occlusion
obstruction that impedes flow, such as a blood clot in a vein
patency
state of being open or unobstructed
percutaneous
performed through the skin
peripheral intravenous line
system that allows fluids and medications to be delivered through a catheter inserted in a peripheral vein; colloquially called a peripheral IV
peripherally inserted central catheter (PICC)
catheter used for long-term intravenous access and inserted in the basilic or cephalic vein just above or below the antecubital space with the tip of the catheter resting in the superior vena cava
phlebitis
INFLAMMATION OF A VEIN
pneumothorax
accumulation of air or gas in the pleural space
positive pressure injection cap
cap attached to the end of a catheter that exerts positive pressure into the line after flushing and removing the syringe, thus preventing backflow of blood into the catheter and reducing the risk of occlusion
pounds per square inch (psi)
pressure a gas or liquid exerts on the walls of its container, measured in units of one pound of force or pressure applied to one square inch
povidone-iodine
topical anti-infective agent produced by reacting iodine with the polymer povidone to release iodine; trade name Betadine
precipitate
deposit separated from a suspension or a solution and either falling to the bottom or floating on top
proximal
nearest to the original of a part
reflux
backward or return flow
reservior
portion of a central implanted device that provides a chamber implanted in a subcutaneous pocket with a catheter attached to the chamber and inserted into a central vein
right atrium
upper chamber of the right side of the heart, which collects blood from the upper and lower venae cavae and transmits it to the right ventricle
SASH
SALINE, ADMINISTER, SALINE, HEPARIN - technique for administering a medication intravenously, involving first flushing with normal saline solution, injecting the medication, flushing with normal saline, then flushing with heparin solution
sepsis
presence in blood or other tissues of pathogens or their toxins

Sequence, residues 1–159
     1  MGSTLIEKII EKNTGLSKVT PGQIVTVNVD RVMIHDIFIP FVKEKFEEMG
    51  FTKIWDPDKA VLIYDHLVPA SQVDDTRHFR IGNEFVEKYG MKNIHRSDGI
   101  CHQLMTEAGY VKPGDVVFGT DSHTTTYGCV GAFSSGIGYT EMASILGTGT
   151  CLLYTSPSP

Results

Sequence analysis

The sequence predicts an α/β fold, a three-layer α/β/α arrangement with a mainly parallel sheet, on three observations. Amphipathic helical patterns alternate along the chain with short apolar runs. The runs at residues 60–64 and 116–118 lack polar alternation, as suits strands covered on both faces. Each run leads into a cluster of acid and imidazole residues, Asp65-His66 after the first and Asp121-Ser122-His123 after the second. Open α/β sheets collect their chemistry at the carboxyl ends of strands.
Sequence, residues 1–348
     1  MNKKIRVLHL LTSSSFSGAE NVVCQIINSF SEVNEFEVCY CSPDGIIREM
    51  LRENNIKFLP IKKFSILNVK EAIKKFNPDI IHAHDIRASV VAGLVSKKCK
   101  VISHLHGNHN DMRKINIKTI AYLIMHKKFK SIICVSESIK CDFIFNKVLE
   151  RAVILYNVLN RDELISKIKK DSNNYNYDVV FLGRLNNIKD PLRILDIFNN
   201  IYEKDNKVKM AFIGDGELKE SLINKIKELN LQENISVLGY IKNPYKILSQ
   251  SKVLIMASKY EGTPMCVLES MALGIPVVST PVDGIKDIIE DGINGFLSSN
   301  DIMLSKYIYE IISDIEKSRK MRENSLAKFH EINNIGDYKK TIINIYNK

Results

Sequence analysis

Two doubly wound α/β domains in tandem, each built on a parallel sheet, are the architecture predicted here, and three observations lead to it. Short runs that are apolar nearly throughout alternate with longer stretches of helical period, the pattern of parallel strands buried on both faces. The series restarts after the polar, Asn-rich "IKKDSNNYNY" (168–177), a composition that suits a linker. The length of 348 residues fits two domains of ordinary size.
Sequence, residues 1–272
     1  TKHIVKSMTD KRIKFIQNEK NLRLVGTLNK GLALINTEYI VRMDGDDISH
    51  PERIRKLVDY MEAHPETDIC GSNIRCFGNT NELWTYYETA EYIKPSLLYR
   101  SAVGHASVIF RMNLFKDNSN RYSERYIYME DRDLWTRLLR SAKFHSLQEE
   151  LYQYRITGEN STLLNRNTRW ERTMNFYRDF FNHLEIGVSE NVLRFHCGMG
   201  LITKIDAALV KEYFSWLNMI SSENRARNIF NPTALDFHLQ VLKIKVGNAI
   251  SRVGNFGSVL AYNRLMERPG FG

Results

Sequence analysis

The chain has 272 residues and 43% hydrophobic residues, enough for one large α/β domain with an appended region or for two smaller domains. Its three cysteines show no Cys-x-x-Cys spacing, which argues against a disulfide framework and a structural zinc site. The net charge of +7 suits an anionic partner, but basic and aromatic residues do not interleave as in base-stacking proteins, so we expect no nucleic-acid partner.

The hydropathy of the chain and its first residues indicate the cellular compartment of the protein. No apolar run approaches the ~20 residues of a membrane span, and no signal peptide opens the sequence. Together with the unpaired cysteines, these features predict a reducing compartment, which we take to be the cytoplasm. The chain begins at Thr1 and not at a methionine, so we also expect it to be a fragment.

subclavian vein
vein that continues the axillary vein as the main venous stem of the upper limb, follows the subclavian artery, and joins with the internal jugular vein to form the brachiocephalic vein
subcutaneous tissue
layer of loose connective tissue directly under the skin
subcutaneous tunnel
trench created surgically under the skin for an implanted central catheter
SVC
one of the two veins bringing deoxygenated blood from the upper body to the right atrium of the heart
tachycardia
over 100 BPM
thrombolytic agent
agent that dissolves blood clots, for example, alteplase (Activase)
thrombotic occlusion
deposits of fibrin and blood components, or clots, within and around the central line that interfere with flow
thrombus
stationary blood clot within a blood vessel
TPN - total parenteral nutrition
nutritionally adequate hypertonic solution containing glucose, electrolytes, and other nutrients delivered through an intravenous catheter
transparent dressing
protective covering often used over intravenous insertion sites to allow easy visualization of the site for signs of inflammation
trendelenburg position
placement of a patient with the entire bed frame tilted with the head of the bed lowered
tunneling technique
creation of a trench surgically under the skin for an implanted central catheter
turbulent flushing
intermittent push-stop-push technique of quickly injecting a small amount of flush solution, pausing, then injecting again and repeating until all the flush solution has been injected
valsalva maneuver
forceful exhalation against closed glottis, which increases intrathoracic pressure thus interferes w/ return of venous blood to heart; performed with central line insertion to create a positive phase in central venous pressure, thus reducing the risk of air being drawn into the central circulation and creating an air embolus
vesicant
chemical that produces blisters
viscous
thick, sticky, or gummy; having a high degree of viscosity (resistance to flow)